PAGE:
I’m not a jazz aficionado, but I know what I like. And the 2010 Concord reissue of Bill Evans Trio’s Waltz For Debby, this I like. Recorded live at the Village Vanguard in NYC in summer 1961, it’s an easy vibe to like. Evans’ effortless but stunningly expressive piano is accompanied by Paul Motian’s drums and Scott LaFaro’s upright bass. Motian feels little need to lay down a beat or anything approaching one: as often as not he swirls his brushes around on the snare for just the right sympathetic accompaniment. And LaFaro – at one of his last dates before perishing in a car crash – understands that the spaces between the notes are every bit as important as the notes themselves.
The audience can be heard clearly throughout the set; they murmur a bit here and there while the trip lays down their performances. But rather than being a distraction, their sonic presence only adds to the organic ambience of the set. These guys are really playing this stuff!
The songs are tight and exploratory all at once; on the title track, Evans and LaFaro play seamlessly off of one another. This is music that somehow knows where it’s going, even if the players don’t. A variety of tempos afford great shade and light to the number. “Waltz for Debby” swings one moment, shuffles the next, gets all moody the moment after that. It’s amazing, highly textured music. LaFaro’s bass solo comes out of nowhere, and Evans instinctively reacts by dialing back his performance to allow space for it.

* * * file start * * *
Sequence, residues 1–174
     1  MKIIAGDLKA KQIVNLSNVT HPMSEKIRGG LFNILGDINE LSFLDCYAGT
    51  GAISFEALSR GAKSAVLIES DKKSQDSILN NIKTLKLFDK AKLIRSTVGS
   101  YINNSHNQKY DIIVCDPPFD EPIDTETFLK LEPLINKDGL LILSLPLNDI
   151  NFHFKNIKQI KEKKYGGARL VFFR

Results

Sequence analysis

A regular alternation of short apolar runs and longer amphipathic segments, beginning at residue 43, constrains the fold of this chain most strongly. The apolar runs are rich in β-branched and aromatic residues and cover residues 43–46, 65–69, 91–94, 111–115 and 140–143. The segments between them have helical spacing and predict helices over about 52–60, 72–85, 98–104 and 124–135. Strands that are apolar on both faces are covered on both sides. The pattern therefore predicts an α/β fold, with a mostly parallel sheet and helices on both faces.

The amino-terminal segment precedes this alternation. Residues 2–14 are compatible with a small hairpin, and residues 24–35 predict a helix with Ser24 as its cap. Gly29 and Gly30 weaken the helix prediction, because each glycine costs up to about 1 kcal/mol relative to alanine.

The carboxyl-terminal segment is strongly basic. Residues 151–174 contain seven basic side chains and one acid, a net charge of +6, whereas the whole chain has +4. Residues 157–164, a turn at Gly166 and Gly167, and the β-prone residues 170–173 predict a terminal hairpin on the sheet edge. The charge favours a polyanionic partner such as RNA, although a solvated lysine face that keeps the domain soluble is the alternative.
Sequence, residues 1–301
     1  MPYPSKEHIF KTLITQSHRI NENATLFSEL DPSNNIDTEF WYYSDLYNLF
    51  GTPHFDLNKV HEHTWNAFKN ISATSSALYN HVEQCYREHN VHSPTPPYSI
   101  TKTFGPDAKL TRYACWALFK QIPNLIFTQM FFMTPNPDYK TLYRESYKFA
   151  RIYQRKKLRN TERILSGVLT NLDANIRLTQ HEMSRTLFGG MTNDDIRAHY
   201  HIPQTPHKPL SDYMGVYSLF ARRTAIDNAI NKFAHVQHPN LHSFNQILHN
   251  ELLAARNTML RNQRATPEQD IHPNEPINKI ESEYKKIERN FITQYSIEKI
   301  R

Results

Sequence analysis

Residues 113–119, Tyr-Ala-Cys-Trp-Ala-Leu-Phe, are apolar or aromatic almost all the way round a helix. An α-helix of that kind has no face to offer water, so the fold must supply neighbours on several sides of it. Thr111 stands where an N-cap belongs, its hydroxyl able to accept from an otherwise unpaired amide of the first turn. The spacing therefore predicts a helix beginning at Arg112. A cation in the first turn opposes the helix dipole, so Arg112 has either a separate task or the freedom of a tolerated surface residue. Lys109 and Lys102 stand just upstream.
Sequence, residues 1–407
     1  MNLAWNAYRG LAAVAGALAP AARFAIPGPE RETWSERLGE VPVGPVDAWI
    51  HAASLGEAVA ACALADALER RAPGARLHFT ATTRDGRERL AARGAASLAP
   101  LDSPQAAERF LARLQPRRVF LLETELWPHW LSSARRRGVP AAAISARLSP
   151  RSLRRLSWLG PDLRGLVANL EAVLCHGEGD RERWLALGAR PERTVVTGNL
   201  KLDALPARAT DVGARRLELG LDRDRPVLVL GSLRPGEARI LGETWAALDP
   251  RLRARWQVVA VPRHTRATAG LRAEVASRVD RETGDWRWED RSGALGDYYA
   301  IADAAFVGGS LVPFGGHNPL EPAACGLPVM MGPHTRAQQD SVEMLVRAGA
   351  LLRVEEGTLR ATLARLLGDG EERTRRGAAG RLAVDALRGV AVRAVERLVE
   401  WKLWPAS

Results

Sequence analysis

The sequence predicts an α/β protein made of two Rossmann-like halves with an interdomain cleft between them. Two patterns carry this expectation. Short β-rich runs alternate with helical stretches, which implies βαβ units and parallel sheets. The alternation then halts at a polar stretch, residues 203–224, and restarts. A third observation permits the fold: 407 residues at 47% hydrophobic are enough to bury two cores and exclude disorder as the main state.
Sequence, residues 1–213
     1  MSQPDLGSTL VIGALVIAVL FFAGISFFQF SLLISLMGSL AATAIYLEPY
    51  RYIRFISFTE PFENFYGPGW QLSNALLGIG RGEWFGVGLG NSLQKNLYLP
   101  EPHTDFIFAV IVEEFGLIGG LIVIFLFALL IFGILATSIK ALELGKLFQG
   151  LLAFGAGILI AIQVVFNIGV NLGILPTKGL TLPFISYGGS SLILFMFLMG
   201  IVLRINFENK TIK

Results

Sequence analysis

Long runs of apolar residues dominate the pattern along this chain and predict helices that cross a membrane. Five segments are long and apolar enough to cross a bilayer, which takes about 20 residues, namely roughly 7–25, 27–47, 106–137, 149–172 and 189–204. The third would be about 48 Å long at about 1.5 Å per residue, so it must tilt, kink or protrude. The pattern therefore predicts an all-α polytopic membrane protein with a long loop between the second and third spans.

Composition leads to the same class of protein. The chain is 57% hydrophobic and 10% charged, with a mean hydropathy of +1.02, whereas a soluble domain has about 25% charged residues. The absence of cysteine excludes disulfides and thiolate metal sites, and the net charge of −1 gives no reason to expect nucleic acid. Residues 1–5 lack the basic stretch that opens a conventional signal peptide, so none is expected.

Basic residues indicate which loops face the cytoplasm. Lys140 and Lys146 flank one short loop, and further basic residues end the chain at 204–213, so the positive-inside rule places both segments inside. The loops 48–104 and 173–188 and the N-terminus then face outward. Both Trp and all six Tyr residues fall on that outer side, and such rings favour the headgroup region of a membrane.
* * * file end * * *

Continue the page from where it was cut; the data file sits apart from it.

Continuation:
Not one member of the trio is afraid to head off in his own direction, and whenever one chooses that path, the remaining two react appropriately. While not exactly a showcase for soloing, the trio in this performance always allows ample space for whatever’s happening musically.
The 2010 reissue is packed with four bonus songs, three of which are alternate takes of songs from the same set. The other musical track is “Porgy (I Loves You Porgy)” from, of course Porgy and Bess. Original producer Orrin Keepnews provides a new revelatory and self-effacing set of liner notes to complement the originals. And the stereo separation is nothing short of amazing, especially for a live recording from 1961.
This is music that’s successful on any number of levels: one can sit and absorb it intensely, grooving on every note, ever flam, every pluck of the bass string. Or one can turn the volume down and enjoy a wonderful soundtrack to a dimly-lit evening, morning coffee…whatever. Joyous, contemplative, brooding, cerebral, exultant: Bill Evans Trio’s Waltz for Debby is all of these and more.
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